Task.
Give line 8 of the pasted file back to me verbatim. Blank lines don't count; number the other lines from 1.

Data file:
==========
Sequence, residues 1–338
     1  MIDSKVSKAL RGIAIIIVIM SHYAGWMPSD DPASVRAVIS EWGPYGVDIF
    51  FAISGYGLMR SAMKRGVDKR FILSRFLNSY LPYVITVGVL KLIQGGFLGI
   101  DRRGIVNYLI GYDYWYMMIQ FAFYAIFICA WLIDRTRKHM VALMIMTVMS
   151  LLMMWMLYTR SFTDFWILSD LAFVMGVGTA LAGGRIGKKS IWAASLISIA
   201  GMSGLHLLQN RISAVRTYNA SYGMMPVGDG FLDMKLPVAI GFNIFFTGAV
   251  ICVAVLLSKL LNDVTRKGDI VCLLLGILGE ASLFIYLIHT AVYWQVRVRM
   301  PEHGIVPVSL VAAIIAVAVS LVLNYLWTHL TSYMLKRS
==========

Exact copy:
   301  PEHGIVPVSL VAAIIAVAVS LVLNYLWTHL TSYMLKRS